Against such backdrop, the assets cushioning the unprecedented deterioration of sector fundamentals were those contiguous with Utilities’ traditional or new activities, namely renewable energy production, LNG (liquified natural gas) supply, gas and power sales in the retail market. These activities offering genuine resilience and even continuing to grow (as seen with Eni’s and Total’s) comes as no surprise: they tend to be operated under protective contracted frameworks as opposed to upstream oil and gas activities where volumes are sold spot either internally (abovementioned vertical integration case) or externally. In the case of renewable energy assets, volumes are sold at prices which are either ‘’regulated’’ (through feed-in tariffs/premiums) or ‘’contracted’’ (through corporate PPA-type arrangements). Concerning LNG sales, the underlying logistics chain is so capital-intensive that the whole business is structured around long-term contracts, with take-or-pay clauses between the supplier (typically an international Oil & Gas company) and the end-user (typically a ‘’national’’ gas utility). It should be added though that global LNG fundamentals have deteriorated further through the second quarter, with Total, Shell and BP reported to have cancelled LNG cargos at US export terminals, electing to pay fixed liquefaction fees rather than lifting gas.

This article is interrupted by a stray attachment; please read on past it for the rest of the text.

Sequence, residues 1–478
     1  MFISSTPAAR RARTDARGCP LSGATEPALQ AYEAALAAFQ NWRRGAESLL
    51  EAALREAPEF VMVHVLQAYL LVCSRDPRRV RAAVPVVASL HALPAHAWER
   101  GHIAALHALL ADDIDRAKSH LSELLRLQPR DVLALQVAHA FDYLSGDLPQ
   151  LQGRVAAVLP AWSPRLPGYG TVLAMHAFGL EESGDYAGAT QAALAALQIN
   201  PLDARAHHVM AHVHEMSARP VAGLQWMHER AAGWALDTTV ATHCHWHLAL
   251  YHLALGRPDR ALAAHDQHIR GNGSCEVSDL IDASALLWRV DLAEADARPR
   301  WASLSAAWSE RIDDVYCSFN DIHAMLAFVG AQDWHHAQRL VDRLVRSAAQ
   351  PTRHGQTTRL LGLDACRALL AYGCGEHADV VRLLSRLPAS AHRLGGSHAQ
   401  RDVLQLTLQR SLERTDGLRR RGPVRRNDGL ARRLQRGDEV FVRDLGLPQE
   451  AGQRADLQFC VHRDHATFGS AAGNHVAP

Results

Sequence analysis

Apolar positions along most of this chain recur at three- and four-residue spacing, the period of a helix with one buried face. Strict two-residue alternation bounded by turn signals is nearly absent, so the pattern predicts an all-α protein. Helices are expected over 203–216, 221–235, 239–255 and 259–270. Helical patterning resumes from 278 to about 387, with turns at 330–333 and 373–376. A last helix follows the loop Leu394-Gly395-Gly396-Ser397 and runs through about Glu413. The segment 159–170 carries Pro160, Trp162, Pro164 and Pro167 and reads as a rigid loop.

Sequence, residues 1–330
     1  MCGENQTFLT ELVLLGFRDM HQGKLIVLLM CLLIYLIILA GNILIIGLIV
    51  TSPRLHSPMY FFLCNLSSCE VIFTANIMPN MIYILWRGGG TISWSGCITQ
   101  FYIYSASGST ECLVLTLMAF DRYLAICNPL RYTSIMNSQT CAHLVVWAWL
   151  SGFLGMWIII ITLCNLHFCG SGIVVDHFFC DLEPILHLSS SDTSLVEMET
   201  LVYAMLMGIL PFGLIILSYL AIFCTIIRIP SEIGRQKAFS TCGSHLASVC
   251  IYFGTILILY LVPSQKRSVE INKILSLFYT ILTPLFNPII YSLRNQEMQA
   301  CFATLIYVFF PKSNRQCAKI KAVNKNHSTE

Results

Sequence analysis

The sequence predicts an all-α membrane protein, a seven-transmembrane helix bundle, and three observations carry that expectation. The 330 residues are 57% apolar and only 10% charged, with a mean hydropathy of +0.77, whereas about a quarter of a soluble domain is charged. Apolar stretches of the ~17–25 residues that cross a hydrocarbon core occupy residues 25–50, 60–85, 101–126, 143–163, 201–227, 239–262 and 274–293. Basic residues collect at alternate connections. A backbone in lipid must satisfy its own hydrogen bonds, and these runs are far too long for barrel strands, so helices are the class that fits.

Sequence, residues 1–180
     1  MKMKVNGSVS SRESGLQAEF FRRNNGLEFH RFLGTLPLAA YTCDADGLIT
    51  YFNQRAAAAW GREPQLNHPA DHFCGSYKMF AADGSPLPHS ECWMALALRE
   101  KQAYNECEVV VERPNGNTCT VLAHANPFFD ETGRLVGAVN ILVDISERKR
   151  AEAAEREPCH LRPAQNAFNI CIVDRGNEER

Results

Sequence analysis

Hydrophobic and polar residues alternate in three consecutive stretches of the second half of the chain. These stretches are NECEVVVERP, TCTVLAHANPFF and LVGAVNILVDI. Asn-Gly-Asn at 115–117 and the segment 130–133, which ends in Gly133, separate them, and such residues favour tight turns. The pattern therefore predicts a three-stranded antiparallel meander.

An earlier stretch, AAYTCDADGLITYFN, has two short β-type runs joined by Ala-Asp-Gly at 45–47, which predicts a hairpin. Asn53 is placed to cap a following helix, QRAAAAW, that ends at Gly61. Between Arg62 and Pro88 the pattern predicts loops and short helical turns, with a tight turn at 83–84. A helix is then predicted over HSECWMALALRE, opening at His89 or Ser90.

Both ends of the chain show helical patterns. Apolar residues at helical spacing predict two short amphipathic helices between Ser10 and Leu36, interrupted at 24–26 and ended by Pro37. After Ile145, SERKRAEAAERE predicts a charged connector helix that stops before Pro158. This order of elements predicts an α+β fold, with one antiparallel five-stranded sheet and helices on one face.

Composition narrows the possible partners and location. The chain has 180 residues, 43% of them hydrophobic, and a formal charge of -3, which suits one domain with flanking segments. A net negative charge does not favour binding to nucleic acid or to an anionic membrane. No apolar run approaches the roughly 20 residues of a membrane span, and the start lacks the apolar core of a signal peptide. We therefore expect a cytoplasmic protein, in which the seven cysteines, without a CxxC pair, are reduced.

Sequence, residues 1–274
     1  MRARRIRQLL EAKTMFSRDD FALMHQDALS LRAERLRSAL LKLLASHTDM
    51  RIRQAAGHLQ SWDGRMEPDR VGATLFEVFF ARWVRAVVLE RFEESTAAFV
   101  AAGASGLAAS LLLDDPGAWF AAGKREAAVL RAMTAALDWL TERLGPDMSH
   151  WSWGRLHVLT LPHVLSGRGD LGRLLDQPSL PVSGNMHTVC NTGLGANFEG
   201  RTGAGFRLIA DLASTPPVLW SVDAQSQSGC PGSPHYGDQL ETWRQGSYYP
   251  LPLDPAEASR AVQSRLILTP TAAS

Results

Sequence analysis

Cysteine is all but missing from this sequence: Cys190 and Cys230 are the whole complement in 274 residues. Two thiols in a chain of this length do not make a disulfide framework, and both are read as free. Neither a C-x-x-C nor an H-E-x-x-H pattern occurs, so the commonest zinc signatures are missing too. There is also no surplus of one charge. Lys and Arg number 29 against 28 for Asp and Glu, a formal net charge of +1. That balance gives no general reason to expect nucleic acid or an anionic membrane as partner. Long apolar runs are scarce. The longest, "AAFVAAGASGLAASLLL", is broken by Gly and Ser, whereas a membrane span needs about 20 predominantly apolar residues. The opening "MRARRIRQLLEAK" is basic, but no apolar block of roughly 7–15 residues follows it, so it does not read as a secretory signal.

European majors’ Q1-20 operating performance
2/ Oil & Gas groups have swiftly responded to deteriorated sector fundamentals by slashing capex budgets while sparring renewable and low carbon spend
As all sectoral players, European majors swiftly responded to the new price and volume environment, with a set of measures mimicking those implemented in 2014-15 during the previous oil price downturn, namely:
i/ Operating efficiency measures (Opex cuts);
ii/ Revised shareholders’ remuneration schemes (end of share buyback programs and in some instances – notable case of Shell - dividend cuts) and
iii/ Substantially reduced 2020 Capex budgets (circa -25%/-30% on average in our sample). The table below summarizes the various investment cuts announced during the Q1-20 reporting season. Unsurprisingly, in light of the deteriorated price and volume environment sectoral players face, the bulk of the capex adjustments primarily concern oil-exposed activity, namely Upstream and Refining activities. In the same time, while slashing overall capex budgets, European majors sparred their planned spend in low carbon/renewable activities.